Trevor Wheatley, a former executive with an Emerson subsidiary called Control Techniques, was last month told by the High Court that he could not work for or own shares in Focus Dynamics, another engineering firm.
Emerson had argued that Mr Wheatley's involvement with Focus violated a non-compete clause in his contract.
However, Mr Wheatley is planning to appeal against the ruling, which bars him from working for Focus until 20 December.
Meanwhile, he is also pursuing a claim for unfair dismissal against Emerson after he was sacked by the company in May - just one-and-a-half years into a five-year, $20m (pounds 12.3m) contract.
"Emerson spent an inordinate amount of time and money to stop me competing with them for another 20 weeks," Mr Wheatley said yesterday.
"I can only conclude they were doing that as a smokescreen for the wrongful dismissal case.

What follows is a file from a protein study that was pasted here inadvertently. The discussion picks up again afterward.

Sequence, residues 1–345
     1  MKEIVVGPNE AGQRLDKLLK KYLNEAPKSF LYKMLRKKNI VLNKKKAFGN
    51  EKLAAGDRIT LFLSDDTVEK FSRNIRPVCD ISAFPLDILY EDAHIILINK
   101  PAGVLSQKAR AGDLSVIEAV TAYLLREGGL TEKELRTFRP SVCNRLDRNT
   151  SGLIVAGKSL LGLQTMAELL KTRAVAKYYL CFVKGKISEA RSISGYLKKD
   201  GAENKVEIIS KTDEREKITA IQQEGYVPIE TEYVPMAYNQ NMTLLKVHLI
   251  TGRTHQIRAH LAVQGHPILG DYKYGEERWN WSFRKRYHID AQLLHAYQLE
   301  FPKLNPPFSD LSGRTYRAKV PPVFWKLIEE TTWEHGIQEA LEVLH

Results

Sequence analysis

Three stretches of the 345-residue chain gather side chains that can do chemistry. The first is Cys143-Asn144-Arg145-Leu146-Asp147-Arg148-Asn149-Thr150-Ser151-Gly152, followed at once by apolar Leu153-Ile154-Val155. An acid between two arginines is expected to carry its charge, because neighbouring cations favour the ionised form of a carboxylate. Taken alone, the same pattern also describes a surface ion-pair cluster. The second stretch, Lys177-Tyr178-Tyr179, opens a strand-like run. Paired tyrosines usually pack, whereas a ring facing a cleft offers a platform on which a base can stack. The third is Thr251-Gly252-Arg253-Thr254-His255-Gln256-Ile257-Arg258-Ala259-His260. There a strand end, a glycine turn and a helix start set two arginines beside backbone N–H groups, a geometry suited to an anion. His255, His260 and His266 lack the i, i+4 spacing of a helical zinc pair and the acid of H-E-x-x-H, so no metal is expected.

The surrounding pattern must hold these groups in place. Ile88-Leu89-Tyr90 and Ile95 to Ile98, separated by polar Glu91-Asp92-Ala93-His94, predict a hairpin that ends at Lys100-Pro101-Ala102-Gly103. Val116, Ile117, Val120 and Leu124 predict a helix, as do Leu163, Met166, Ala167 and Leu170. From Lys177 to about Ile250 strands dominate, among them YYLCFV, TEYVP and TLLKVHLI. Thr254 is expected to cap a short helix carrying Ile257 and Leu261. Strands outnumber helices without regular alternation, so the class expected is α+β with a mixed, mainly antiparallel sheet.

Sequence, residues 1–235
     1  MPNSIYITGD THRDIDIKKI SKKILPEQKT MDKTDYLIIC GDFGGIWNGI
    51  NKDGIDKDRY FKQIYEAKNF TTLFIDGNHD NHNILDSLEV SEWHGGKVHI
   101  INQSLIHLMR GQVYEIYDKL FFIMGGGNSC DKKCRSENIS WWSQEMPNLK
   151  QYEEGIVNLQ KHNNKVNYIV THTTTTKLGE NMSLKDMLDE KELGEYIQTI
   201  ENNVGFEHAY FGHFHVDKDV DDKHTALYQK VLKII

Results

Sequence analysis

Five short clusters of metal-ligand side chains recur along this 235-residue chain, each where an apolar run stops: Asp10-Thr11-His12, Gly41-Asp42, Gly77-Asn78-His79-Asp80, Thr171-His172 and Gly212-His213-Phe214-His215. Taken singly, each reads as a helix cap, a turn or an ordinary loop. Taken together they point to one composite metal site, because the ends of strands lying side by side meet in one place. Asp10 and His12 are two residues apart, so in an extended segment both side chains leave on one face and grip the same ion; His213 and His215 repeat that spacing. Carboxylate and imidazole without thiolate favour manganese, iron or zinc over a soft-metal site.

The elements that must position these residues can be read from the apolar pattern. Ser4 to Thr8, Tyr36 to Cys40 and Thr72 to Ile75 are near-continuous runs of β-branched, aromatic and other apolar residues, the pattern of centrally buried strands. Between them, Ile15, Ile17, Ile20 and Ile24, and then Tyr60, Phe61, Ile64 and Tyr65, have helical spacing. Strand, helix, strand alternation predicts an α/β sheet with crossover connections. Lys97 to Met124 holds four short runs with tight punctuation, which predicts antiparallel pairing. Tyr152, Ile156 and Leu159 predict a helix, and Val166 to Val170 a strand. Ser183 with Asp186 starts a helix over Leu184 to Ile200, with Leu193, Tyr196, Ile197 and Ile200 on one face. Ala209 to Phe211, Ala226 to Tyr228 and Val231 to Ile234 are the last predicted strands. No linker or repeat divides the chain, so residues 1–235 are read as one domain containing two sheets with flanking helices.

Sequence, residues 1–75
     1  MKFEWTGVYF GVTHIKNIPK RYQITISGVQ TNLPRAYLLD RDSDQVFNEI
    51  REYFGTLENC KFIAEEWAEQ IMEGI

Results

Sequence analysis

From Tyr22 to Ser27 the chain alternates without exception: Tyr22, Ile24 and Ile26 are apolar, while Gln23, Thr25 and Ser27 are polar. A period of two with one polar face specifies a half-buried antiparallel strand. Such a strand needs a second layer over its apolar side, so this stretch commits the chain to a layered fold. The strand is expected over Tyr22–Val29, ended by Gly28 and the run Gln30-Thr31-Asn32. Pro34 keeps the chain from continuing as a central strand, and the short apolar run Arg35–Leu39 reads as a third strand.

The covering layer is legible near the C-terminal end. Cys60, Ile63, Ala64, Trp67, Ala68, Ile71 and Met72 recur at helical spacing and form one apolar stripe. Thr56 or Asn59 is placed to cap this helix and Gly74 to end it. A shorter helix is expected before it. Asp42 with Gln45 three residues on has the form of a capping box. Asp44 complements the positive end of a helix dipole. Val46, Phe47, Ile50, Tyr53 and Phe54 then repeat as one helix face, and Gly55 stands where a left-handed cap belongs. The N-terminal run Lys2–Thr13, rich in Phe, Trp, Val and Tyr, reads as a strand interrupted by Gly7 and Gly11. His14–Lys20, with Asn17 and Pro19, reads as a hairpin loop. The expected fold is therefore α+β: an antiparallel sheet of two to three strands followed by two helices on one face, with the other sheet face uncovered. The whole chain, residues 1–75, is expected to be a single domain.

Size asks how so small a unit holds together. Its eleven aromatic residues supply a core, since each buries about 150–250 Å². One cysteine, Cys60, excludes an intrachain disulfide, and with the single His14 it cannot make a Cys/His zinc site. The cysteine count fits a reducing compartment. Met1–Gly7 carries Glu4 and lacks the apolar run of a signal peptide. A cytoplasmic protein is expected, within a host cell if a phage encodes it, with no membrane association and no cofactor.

"They have used their deep pockets to finance their bully-boy tactics. It only makes you wonder how far these people will go."
News of the battle is set to further embarrass Emerson, which has already had its reputation in the City tarnished by its attempt to take control of Astec (BSR), the electronic components group in which it holds a 51 per cent stake.
Earlier this year, a consortium of institutional shareholders in Astec took Emerson to court for unfairly prejudicing the rights of its minority shareholders. However, the court threw out the case.
Mr Wheatley said that the whole episode had made him all the more determined.
"After the shabby way Emerson have treated me they have spawned the most determined competitor they have ever had," Mr Wheatley said.Reuse content